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Int Orthop. 2013 Nov;37(11):2109-18. doi: 10.1007/s00264-013-2053-8. Epub 2013 Aug 28.

Do we really need closed-suction drainage in total hip arthroplasty? A meta-analysis.

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  • 1Department of Orthopedics Surgery, The Second Affiliated Hospital of Medical College, Zhejiang University, Hangzhou, China.



The clinical use of closed-suction drainage, which aims to reduce postoperative wound haematomas and infection, is common. This study was performed to determine whether closed-suction drainage is safe and effective in promoting wound healing and reducing blood loss and other complications compared with no-drainage in total hip arthroplasty.


The literature search was based on PubMed, the Cochrane Library, MEDLINE, and EMBASE. The data were evaluated using the generic evaluation tool designed by the Cochrane Bone, Joint and Muscle Trauma Group, and then analysed using RevMan 5.0. Twenty randomised controlled trials involving 3,186 patients were included in our analysis.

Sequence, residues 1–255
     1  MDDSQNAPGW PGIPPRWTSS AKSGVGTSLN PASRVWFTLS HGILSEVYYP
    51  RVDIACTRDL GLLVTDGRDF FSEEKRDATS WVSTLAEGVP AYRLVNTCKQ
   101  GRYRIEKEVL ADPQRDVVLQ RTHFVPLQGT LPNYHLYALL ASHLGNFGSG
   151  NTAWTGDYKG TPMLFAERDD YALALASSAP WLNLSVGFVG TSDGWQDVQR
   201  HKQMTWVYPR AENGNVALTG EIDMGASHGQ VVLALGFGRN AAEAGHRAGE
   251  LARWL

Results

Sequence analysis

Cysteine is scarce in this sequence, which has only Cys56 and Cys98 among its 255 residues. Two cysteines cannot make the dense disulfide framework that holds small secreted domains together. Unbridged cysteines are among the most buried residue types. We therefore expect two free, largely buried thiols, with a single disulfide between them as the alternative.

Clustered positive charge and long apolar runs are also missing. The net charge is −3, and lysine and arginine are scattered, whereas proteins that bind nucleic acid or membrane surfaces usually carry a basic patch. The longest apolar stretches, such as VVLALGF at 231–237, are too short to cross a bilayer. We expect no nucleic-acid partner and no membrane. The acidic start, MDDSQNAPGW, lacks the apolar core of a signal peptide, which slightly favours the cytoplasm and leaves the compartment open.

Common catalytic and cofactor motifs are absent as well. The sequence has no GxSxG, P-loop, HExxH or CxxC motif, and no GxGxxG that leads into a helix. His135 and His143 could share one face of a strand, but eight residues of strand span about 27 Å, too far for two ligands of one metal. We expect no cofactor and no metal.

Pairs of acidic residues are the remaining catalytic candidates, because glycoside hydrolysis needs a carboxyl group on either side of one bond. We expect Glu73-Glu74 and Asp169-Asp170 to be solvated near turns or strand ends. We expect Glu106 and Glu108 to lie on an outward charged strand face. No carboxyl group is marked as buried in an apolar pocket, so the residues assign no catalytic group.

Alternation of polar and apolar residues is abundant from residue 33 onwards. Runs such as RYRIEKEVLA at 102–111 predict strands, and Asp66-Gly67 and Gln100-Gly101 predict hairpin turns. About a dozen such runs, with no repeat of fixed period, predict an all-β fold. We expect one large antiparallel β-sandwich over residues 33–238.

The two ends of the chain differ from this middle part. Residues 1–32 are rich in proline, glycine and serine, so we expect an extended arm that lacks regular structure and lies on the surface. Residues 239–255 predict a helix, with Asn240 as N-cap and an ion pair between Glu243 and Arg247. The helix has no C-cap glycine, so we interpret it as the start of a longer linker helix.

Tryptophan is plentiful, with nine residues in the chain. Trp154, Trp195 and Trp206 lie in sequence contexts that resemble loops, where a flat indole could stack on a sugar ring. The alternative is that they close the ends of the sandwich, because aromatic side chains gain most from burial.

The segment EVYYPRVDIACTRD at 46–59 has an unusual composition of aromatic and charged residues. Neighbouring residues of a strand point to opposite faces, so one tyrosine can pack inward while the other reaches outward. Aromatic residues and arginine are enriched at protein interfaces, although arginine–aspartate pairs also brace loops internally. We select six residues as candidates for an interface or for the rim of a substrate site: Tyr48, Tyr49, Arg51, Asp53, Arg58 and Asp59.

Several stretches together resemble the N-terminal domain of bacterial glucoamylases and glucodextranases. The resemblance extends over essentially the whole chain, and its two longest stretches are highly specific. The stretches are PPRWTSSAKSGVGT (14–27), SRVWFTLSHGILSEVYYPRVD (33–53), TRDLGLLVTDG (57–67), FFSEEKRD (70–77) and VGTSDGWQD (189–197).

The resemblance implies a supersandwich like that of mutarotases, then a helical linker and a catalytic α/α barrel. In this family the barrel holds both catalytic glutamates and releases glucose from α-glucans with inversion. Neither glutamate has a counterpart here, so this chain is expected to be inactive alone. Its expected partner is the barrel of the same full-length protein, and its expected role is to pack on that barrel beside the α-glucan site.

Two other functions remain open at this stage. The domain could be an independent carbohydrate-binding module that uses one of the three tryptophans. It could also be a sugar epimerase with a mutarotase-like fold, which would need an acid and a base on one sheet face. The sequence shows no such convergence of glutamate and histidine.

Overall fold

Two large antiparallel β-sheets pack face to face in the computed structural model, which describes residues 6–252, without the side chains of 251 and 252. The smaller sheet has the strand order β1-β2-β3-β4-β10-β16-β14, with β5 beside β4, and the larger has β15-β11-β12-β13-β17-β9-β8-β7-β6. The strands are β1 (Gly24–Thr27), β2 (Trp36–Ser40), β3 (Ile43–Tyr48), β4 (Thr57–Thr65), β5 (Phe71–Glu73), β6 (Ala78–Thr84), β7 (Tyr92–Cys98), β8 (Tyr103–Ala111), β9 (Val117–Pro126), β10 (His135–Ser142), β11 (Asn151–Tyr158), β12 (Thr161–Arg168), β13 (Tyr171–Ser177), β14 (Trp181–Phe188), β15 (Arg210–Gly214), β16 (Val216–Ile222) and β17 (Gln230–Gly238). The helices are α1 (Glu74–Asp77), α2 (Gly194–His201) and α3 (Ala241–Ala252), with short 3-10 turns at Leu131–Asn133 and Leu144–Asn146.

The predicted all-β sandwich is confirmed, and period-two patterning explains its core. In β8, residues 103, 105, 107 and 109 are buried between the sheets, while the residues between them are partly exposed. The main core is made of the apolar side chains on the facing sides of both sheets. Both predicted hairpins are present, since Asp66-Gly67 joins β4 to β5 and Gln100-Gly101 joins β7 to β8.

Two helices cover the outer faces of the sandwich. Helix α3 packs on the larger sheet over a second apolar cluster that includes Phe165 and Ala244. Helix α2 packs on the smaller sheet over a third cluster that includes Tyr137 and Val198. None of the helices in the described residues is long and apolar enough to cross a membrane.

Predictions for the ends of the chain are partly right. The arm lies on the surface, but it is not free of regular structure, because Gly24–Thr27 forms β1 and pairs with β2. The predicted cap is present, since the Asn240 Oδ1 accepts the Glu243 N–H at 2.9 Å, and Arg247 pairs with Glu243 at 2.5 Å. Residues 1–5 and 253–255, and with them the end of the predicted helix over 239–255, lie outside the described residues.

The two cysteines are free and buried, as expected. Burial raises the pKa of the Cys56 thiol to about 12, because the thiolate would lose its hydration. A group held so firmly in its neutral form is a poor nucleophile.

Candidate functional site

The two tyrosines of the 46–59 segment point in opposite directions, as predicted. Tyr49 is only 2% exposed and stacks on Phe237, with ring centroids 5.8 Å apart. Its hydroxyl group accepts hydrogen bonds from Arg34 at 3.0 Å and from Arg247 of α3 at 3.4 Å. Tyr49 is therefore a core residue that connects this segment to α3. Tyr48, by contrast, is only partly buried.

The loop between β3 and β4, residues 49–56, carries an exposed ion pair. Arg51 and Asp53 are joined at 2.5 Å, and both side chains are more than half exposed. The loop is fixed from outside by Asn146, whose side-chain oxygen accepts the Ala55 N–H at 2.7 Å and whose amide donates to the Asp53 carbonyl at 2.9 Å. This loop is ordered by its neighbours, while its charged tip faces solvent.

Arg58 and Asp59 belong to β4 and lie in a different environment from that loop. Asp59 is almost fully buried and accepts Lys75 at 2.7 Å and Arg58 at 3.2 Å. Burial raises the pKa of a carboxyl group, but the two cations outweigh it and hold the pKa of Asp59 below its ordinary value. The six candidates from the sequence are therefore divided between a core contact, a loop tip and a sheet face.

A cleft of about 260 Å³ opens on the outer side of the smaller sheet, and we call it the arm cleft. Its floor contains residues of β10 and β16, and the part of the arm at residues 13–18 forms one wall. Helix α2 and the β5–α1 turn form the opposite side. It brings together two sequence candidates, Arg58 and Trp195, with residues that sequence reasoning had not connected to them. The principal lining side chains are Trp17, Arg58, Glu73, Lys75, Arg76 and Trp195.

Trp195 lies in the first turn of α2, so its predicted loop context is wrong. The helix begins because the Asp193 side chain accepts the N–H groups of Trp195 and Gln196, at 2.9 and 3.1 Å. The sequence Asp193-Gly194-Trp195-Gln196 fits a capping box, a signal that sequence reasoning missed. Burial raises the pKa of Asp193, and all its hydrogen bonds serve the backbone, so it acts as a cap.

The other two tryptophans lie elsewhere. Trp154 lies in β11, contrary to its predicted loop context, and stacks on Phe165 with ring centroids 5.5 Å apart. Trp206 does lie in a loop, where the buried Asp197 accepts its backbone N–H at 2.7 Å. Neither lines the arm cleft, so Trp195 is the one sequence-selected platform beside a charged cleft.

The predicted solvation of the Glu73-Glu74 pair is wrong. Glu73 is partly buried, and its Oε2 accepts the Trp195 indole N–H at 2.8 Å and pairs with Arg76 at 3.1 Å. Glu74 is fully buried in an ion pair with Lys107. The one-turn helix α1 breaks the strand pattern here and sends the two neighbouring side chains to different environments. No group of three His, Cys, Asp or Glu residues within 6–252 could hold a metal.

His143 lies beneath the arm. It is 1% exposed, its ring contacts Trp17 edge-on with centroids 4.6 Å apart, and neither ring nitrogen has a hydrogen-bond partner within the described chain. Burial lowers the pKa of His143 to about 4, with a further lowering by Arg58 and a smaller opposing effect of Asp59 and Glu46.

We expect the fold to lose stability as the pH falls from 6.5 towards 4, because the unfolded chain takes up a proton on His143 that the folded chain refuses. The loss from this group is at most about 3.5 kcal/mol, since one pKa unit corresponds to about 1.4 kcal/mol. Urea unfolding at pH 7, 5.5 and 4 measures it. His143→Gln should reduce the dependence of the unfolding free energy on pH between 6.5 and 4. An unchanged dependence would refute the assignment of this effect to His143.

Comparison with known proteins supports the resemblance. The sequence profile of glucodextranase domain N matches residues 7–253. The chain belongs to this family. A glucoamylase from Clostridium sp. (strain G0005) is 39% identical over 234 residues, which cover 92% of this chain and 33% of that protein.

The results of our meta-analysis indicate that closed-suction drainage reduces the requirement for dressing reinforcement, but increases the rate of homologous blood transfusion. No significant difference was observed in the incidence of infection, blood loss, changes in haemoglobin and haematocrit, functional assessment, or other complications when the drainage group was compared with the no-drainage group.


Our results of the comparison between closed-suction drainage and no drainage in THA have indicated that the routine use of closed-suction drainage for elective total hip arthroplasty may be of more harm than benefit.

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